Women and the vote

06 Jul 2020

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IN a significant decision, the Election Commission of Pakistan has mandated that each province have at least one woman district election commissioner.The move is certainly a laudatory one and will hopefully lead to more women taking part in the electoral process, strengthening the practice of democratic decision-making. While the Constitution guarantees women the right to vote, fewer women show up to polling stations on the day of the elections, as compared to their male counterparts, because of a host of setbacks. Despite being half the population, Pakistani women are often treated as second-class citizens due to harmful and pervasive cultural norms that impact every facet of their life: from the quality of their health and education, to income and life expectancy. Increased participation of women in the elections — as voters and candidates — leads to more women-centric laws being tabled in parliament; or more laws that take women’s interests and lived realities into consideration.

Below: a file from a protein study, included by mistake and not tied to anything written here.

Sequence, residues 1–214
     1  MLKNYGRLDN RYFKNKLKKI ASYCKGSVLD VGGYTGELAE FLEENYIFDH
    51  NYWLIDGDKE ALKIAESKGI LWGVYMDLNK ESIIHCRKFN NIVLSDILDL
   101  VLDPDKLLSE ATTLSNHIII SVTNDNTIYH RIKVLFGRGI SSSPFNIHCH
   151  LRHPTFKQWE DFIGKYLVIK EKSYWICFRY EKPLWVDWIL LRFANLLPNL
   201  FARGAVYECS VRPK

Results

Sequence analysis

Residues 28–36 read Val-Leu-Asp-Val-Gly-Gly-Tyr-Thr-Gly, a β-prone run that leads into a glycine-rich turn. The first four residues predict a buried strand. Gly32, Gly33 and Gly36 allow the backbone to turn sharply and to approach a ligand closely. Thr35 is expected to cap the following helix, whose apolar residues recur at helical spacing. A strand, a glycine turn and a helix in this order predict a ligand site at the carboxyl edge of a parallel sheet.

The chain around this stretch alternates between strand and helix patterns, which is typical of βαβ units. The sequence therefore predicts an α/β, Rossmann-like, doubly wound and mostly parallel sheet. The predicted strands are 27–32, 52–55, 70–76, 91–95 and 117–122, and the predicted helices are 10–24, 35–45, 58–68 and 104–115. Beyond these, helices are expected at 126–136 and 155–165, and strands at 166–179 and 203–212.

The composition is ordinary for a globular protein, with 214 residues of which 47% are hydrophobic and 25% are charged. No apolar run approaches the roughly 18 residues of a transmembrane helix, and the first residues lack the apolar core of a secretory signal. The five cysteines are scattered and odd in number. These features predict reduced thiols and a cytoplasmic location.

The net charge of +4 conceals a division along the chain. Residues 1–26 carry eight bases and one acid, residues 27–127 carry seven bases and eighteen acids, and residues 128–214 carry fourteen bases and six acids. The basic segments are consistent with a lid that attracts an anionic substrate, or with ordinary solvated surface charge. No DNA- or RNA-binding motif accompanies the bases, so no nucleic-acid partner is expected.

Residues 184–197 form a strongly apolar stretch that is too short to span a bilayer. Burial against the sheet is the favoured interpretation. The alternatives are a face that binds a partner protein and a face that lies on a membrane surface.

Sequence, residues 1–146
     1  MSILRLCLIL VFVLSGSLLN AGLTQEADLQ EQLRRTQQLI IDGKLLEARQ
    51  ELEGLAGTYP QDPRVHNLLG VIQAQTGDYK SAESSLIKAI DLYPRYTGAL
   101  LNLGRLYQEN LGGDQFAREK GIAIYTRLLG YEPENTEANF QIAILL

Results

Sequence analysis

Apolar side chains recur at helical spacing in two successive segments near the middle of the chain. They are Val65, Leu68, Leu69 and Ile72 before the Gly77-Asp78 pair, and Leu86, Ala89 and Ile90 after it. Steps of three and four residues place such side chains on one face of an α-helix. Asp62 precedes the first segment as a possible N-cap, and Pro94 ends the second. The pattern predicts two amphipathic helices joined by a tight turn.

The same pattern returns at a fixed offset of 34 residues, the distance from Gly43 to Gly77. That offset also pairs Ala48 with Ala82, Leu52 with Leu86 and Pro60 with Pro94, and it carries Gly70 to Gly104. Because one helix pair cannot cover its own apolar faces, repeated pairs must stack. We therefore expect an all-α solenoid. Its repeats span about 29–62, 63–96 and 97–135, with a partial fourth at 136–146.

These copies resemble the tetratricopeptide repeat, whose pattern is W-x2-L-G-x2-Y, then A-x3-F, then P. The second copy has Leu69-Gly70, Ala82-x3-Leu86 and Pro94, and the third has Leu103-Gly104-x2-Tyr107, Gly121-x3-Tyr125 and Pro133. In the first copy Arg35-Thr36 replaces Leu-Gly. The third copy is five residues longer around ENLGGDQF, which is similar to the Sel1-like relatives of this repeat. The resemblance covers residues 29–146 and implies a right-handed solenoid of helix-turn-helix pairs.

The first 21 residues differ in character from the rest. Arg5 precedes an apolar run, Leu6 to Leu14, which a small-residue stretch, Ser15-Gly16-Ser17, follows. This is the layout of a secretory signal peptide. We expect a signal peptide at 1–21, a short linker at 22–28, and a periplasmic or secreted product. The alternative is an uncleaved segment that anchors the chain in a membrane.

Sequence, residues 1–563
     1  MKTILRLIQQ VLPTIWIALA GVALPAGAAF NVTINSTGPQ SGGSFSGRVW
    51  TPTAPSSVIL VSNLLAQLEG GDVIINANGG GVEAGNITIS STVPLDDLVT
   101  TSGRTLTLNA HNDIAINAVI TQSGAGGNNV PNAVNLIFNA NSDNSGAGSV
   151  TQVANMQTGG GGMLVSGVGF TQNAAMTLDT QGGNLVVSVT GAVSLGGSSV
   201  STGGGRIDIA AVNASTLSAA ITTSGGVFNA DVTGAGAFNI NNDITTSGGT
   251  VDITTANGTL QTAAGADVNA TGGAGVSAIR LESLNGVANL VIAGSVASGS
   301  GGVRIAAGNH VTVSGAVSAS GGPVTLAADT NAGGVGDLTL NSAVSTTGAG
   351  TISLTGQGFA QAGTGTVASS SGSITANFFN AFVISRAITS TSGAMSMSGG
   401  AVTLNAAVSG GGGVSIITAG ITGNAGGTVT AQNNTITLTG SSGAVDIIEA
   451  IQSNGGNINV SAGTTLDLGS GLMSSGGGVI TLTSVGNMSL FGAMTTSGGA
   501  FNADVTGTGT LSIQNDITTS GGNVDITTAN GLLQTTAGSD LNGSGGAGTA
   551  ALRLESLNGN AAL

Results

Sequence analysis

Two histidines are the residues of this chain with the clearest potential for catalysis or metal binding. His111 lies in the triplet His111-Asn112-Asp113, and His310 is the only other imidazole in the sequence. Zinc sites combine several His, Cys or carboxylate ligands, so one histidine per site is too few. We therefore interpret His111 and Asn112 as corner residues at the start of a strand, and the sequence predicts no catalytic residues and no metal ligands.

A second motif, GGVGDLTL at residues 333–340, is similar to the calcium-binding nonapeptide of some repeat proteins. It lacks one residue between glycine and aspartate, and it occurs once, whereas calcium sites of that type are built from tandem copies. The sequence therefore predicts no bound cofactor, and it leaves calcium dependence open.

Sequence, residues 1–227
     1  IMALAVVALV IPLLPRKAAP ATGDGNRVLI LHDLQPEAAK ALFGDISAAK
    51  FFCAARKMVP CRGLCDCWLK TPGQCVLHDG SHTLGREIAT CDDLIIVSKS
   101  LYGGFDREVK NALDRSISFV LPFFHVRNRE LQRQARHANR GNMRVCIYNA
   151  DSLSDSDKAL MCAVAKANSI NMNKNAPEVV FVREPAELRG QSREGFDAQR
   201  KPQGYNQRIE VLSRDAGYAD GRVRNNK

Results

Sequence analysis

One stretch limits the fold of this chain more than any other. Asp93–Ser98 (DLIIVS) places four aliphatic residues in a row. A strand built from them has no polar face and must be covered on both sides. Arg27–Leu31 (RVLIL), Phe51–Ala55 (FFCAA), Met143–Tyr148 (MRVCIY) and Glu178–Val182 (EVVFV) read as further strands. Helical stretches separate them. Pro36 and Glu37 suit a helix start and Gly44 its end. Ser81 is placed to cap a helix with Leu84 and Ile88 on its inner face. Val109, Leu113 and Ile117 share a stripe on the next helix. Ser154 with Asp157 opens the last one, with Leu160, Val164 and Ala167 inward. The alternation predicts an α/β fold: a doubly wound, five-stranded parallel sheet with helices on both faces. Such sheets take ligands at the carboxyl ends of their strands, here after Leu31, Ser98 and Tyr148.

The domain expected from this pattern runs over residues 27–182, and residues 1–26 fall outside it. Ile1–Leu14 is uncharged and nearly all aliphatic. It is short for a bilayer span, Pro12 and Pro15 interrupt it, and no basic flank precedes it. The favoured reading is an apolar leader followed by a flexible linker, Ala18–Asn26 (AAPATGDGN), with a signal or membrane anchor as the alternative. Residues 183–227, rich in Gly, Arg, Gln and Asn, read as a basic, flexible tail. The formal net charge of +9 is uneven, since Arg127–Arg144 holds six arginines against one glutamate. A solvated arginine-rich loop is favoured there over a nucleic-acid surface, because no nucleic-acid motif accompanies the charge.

With the Elections Act 2017,several new measures were introduced to ensure increased participation of women, including re-polling in any constituency where women’s turnout was less than 10pc. Additionally, the act of barring women from voting or contesting in elections was criminalised. And all political parties had to nominate women candidates in at least 5pc of their non-reserved seats. The ECP also encouraged the setting up of women-only polling stations, with all-women staff, so there would be less resistance to them voting in more conservative parts of the country. These measures showed success, to some extent, and increased participation by women was noted in the last general elections. However, it will take many years and sustained efforts for entrenched patriarchal norms to be dismantled. For instance, following the 2018 elections, the National Commission on the Status of Women released a report on women’s participation and found that even though the number of women candidates increased, the number of women who won on general seats decreased.

Published in Dawn, July 6th, 2020